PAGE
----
Hillery Hunter explains IBM's plan for Red Hat
Hillery Hunter explains IBM's plan for Red Hat

IBM’s $34-Billion Payback Plan for Red Hat

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Would you spend $34 billion to boost your chances of capitalizing on a $1-trillion market? And if so, how would you turn that expectation into reality?

That first question represents the precise motivation behind IBM’s $34-billion acquisition of Red Hat. And details have begun to emerge about how Red Hat’s highly regarded open-source solutions—particularly its OpenShift Kubernetes platform—will significantly enhance and expand the capabilities of IBM’s $19-billion cloud business. Perhaps, Red Hat can make IBM Cloud an engine of growth once again.

I first dug into the potential of the acquisition about 10 months ago with a piece called How IBM And Red Hat, Plus Microsoft, Are Driving Cloud Transformation 2.0. My premise was that IBM’s desire to acquire Red Hat was a major sign that IBM realized that its cloud strategy had been more about promoting the stuff it had on hand, rather than building a cloud-services portfolio tailored to the specific and urgent needs of customers.

At the time, I gave IBM high marks for the scope of its ambition with the Red Hat acquisition. And a few months ago, as the deal was about to receive final regulatory approval, I raised the issue of Can IBM and Red Hat Deliver on Big Cloud Promises? 3 Key Questions.

So as the companies come together to pursue what IBM CEO Ginni Rometty has called a “trillion-dollar opportunity” in hybrid cloud and multicloud, a recent Q&A with the CTO for IBM Cloud, Hillery Hunter caught my eye.

Key questions for IBM today.

In a post on IBM’s “Think” blog, Hunter addressed a range of CTO-appropriate questions about how IBM will attempt to harness the full power and potential of Red Hat’s software to drive significant new value for business customers.

Here’s a list of the questions posed to Hunter, who’s not only a brilliant computer scientist but also someone with great awareness of customers’ business challenges:

  • How has the definition of cloud shifted over time? Why is a hybrid cloud so essential for businesses today?
  • IBM has transformed its multi-billion software franchise to run anywhere. Can you describe the effort that went into re-engineering IBM’s software portfolio for the cloud era?
  • IBM has introduced IBM Cloud Paks. Can you describe what they are? How do IBM Cloud Paks fit into IBM’s overall cloud strategy?
  • All of the new software and services announced this week run on IBM’s hybrid multicloud platform. What is that, and how will clients benefit?
  • Can you elaborate on the role that Red Hat OpenShift plays in IBM’s cloud strategy and, more specifically, in IBM Cloud Paks?
  • Open source technology is at the heart of IBM’s software transformation, the new IBM Cloud Paks and IBM’s hybrid multicloud platform. What is the role of open source in IBM’s hybrid cloud strategy?

I’d urge anyone with interest in the IBM-Red Hat combo to read the entire Q&A with Hunter. Here are a few excerpts on high-priority issues:

How customers will benefit from the IBM-Red Hat marriage.

“Today businesses realize that they need to have a much broader set of deployment locations. They want to do computing everywhere that they do business. They also want to develop new applications for different environments and infrastructures.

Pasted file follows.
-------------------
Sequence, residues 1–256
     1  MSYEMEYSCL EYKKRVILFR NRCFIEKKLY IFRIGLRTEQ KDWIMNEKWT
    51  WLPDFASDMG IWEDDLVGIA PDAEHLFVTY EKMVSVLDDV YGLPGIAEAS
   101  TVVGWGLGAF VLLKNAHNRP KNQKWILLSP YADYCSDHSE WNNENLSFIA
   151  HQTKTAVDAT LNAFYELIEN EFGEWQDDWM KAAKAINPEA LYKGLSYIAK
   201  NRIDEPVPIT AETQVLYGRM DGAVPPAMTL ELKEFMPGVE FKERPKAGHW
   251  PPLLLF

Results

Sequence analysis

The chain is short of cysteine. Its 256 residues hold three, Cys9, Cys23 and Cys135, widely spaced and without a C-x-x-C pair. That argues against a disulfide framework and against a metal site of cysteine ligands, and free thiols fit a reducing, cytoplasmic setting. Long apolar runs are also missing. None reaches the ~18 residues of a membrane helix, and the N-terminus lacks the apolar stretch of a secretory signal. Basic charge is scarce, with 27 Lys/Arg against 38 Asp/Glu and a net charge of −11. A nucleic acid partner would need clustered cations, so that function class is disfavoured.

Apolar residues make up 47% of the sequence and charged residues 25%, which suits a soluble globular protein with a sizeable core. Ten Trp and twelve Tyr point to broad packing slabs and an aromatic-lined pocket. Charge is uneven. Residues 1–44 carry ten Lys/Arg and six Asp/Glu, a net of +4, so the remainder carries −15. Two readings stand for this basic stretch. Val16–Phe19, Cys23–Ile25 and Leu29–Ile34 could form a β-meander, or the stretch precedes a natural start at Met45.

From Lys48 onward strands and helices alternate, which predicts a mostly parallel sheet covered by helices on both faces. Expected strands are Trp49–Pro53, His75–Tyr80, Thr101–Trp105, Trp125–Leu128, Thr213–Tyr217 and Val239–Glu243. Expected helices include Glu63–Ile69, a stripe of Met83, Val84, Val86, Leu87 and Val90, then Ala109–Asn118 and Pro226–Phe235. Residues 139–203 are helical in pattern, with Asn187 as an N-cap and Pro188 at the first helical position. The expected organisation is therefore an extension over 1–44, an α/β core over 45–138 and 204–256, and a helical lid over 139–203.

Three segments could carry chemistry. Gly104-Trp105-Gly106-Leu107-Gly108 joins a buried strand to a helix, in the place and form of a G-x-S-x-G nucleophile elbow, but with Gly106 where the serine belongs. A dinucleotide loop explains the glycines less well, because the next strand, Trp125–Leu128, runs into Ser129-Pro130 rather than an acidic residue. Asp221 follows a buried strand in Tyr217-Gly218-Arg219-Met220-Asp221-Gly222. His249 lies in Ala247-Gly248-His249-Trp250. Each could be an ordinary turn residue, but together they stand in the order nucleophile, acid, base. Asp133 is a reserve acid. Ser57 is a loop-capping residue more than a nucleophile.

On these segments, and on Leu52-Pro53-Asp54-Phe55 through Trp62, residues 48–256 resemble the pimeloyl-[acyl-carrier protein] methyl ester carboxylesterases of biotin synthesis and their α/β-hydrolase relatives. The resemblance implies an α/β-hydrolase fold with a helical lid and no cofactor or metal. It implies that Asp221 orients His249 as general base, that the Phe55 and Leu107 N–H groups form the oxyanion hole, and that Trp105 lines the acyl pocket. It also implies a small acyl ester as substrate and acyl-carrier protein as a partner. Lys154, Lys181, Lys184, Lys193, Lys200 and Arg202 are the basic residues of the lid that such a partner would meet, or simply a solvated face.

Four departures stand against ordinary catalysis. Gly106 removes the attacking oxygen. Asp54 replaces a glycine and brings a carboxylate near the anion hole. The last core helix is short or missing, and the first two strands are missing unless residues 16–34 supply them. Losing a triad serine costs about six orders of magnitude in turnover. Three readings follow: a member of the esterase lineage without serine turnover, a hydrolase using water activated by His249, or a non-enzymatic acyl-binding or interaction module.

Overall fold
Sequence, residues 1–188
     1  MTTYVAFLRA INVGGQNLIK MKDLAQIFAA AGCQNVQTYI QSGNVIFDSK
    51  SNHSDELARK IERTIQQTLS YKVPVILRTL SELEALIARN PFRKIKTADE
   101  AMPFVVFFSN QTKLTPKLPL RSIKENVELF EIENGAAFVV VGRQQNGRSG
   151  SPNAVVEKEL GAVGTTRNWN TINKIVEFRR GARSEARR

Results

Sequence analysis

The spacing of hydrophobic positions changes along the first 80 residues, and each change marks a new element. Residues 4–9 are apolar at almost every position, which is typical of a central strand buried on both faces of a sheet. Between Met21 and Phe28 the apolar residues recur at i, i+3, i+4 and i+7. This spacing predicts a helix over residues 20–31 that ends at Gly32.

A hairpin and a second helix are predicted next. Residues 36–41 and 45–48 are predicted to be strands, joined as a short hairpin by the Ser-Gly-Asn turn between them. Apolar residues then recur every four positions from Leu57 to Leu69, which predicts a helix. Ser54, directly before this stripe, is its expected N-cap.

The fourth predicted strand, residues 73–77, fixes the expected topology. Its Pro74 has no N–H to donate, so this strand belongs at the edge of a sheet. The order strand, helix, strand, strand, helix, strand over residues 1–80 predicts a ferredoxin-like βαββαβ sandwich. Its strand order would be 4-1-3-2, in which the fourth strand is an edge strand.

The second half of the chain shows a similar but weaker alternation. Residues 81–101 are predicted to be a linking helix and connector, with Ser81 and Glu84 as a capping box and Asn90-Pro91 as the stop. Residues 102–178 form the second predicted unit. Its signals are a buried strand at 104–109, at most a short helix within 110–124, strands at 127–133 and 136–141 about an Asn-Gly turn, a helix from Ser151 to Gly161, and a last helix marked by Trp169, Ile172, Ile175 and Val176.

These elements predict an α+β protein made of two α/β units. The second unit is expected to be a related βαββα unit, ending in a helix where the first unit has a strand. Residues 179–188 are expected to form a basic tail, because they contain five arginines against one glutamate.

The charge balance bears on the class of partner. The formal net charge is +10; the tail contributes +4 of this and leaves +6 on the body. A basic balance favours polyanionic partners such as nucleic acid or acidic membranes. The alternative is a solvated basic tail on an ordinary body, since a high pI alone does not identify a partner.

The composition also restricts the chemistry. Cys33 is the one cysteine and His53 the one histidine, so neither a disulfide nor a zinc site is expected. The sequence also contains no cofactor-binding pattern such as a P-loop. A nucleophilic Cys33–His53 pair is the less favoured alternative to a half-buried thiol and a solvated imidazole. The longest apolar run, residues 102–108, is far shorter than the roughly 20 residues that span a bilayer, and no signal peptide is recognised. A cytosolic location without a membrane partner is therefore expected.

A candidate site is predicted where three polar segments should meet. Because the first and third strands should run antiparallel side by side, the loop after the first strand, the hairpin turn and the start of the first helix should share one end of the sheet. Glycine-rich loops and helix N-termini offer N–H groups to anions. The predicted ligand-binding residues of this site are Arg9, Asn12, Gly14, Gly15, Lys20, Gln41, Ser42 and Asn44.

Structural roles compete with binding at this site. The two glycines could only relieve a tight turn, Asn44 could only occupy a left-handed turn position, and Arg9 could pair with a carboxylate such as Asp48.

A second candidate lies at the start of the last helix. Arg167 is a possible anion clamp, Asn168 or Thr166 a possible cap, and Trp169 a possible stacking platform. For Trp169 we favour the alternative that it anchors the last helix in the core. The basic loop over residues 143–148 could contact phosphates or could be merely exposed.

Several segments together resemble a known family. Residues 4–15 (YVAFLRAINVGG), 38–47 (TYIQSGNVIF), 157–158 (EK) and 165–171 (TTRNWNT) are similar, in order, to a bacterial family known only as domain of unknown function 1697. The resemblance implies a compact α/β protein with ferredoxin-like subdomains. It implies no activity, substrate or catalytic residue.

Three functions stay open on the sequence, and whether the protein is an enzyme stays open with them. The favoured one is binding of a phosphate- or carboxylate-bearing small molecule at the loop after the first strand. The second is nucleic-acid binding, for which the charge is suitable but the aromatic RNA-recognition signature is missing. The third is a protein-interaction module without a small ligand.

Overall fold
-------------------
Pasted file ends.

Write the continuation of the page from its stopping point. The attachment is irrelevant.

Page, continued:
IBM’s hybrid multicloud platform enables clients to have an infrastructure-independent common operating environment across any of their clouds—public clouds, multiple public clouds, private clouds, or even out at the edge. It also brings to bear the ability to deliver consistent, certified content from a rich ecosystem. That ecosystem includes IBM and Red Hat but also other software vendors, partners, and even capabilities that have been developed in-house.”


IBM Cloud VP and CTO Hillery Hunter explains IBM's plan for Red Hat
Hillery Hunter
Why hybrid and multicloud is ideal for most businesses.

“The challenge they have in front of them is to connect all of the different parts that make up their IT environment and enhance them with cloud functions and cloud-delivered services.

This is what a private cloud does. A private cloud allows businesses to use the same software methodology to deploy content and capabilities on their premises and on their own hardware. This is important. With computing done in so many places, companies need to adopt common management and software development capabilities. That way they can globally deploy features, functions and security patches consistently—whether it’s in a public cloud, or a private cloud or any other place where they’re doing business.”

The value of the long-term relationship IBM and Red Hat have shared.

“IBM and Red Hat have partnered for decades. In fact, our software products have been running on Red Hat Enterprise Linux for a very long time.

But in May 2018, IBM and Red Hat took that to new heights by forging a partnership around Red Hat OpenShift. The partnership made it possible for IBM’s middleware to be deployable on OpenShift. Ever since, we’ve been on a journey to make our middleware easily consumable and deployable as well as enrich them with cloud capabilities that address the unique needs of enterprises such as robustness and scale.

This isn’t something that happens overnight. This has been a step-by-step process for IBM. It’s quite an engineering feat to take this much capability, content, and middleware and bring it all to a cloud context.”


Disclosure: at the time of this writing, IBM was a client of Evans Strategic Communications LLC.


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